If you don’t have access to running water, you can use a hand sanitizer to sanitize your hand pending when you get some water to wash correctly.
Reporting dead birds
There are some cases where it may not be necessary to report dead birds, especially the common backyard ones.
However, here are some situations that need to be reported to the local authorities or wildlife officers so an investigation can commence.
The Bird Appears To Be Killed By Humans
If the bird appears to have a gunshot wound, is caught in balloon debris, or seems to have choked on a litter, it would be wise to report to the local authorities or wildlife resource officers.
The authorities might decide to investigate potential wildlife crimes or decide on new conservation measures.
If More Birds Of Similar Species Die In The Same Region
If you notice that multiple birds of the same species are dying in the same area and within a short time frame, you need to report to the local authorities or wildlife resource officers so they can begin their investigation.
Suppose many birds of the same species that stay within a particular region begin to die. In that case, it’s usually a sign of environmental contamination or a massive disease outbreak that might be a local threat.
Bird of prey or a giant bird
If you find the carcass of a bird of prey or a bigger bird in your yard, it’s usually a sign of substantial environmental problems, especially if the bird was sick.
Another reason you should report it is that poachers are primarily attracted to big birds and can shoot to kill, injure or capture and these criminal elements need to be brought to book.
If the bird is tagged
If you notice that the dead bird in your yard is tagged with tracking gear, you need to report it to wildlife resource officers so they can retrieve data from the bird and update their records.
This can be a valuable way of assisting naturalists, ornithologists, and other wildlife scientists who rely on tracking data to examine threats to birds, seasonal ranges, migration, and additional information.
Foreign species in your area
If the dead bird is part of a foreign species that isn’t usually seen in your region, it could signify that you have a poaching situation on your hands.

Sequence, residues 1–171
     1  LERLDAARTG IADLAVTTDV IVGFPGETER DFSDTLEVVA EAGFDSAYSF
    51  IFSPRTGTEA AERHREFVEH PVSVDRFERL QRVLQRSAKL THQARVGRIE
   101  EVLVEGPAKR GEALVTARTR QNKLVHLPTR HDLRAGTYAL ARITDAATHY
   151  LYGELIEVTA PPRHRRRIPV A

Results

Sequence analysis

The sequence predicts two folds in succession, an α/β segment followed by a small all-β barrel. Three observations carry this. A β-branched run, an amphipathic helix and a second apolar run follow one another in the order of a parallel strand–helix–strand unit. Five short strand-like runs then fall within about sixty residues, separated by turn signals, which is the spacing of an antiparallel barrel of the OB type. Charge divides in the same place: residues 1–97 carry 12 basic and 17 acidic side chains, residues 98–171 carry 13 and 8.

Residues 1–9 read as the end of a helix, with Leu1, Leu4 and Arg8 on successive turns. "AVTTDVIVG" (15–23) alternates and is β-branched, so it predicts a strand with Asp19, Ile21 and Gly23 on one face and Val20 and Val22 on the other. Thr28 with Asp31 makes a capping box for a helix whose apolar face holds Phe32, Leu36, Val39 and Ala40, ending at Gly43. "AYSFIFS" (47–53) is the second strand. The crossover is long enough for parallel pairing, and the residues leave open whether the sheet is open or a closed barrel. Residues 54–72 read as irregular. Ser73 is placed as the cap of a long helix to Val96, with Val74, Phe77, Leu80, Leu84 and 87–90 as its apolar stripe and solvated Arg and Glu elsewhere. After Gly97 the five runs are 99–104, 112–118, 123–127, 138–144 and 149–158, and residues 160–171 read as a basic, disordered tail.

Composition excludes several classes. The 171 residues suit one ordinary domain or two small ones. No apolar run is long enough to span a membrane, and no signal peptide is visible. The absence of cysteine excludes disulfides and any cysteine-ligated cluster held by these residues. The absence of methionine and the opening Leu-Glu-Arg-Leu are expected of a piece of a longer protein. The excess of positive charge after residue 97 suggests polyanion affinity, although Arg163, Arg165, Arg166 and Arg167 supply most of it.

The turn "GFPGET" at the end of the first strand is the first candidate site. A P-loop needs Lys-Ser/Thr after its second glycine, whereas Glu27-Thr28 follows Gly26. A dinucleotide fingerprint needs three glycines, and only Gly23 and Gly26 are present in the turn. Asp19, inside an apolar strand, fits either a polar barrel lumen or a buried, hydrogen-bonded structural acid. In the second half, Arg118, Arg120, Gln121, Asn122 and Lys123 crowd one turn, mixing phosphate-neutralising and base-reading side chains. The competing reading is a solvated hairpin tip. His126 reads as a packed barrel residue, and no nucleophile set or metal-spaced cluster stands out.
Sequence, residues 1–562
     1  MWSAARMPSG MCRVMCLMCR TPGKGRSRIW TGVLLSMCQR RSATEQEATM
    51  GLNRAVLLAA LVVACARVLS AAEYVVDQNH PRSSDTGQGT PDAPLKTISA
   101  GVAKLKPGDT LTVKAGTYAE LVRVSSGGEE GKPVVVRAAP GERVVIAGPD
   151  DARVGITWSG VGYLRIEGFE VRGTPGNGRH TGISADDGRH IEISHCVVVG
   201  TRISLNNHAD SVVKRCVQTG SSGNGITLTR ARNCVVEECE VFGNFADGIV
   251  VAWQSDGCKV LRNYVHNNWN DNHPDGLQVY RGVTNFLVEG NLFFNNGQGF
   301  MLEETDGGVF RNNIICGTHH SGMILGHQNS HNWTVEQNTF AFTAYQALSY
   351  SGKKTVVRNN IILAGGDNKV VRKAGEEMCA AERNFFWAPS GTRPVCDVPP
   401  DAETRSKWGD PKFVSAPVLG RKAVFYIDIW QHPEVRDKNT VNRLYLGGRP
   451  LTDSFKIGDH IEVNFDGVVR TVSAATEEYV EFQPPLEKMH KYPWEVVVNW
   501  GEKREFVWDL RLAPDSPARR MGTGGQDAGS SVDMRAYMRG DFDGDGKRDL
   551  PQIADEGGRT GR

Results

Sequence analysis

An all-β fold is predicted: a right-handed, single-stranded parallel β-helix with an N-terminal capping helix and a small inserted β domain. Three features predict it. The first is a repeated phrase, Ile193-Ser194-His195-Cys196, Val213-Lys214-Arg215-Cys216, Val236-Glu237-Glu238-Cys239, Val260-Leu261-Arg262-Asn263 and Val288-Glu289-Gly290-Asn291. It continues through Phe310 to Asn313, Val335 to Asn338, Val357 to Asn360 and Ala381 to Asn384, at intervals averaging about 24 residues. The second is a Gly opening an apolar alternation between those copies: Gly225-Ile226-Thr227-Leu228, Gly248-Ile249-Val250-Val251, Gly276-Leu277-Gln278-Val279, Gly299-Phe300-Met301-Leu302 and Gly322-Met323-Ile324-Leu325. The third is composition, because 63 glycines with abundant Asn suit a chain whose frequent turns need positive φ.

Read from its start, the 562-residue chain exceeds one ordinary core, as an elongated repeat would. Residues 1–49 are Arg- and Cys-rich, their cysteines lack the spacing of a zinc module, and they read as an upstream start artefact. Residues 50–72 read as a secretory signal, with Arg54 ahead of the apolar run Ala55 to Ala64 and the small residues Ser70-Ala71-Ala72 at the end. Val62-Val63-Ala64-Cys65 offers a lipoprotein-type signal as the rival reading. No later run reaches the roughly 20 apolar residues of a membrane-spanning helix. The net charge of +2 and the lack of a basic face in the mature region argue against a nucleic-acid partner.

This is why the local authorities or wildlife resource officers need to be contacted to study and investigate possible poaching situations.
However, if the local authorities or wildlife resource officers aren’t interested in the foreign dead bird sample, a university or a local museum might need it.
When you call the local authorities or wildlife resource officers, ensure that you provide them with adequate details of the unusual dead bird before getting rid of it.
In most cases, they may ask that you secure the carcass so they can come and evacuate it to their lab for more studies.
Also, you could be asked to take some photographs of the dead bird and send them across to the relevant authorities.
Furthermore, they may even instruct you on how to preserve the bird properly so it stays intact before they come.
What Diseases Can One Get From A Dead Bird?
Bacterial, viral, and fungal diseases can be spread from birds to humans, which is why you’re advised not to have body contact with a dead bird’s injuries and body fluids.
One of the common diseases you can get from contact with an infected dead bird is Salmonellosis.
This sickness is also regarded as food poisoning. So anyone who has it will show the following symptoms.
- Acute abdominal pain
There is a high risk of catching Salmonellosis from interacting with a dead bird who has the illness. So always ensure that you have your gloves on before getting close to a dead bird.
The Bottom Line
What to do when you find a dead bird in your yard is not that difficult. You need to understand that, since you’re a bird lover, finding a dead bird in your yard can be a common occurrence.
However, why such happens, the important thing is to ensure that you’re wearing gloves before touching the dead bird (that’s if you even have to touch them).
Suppose it’s time to take it out of your property, use a long tool, and put on your gloves. If you need help, you can call the local authorities or wildlife resource officers or hire an expert to help you out.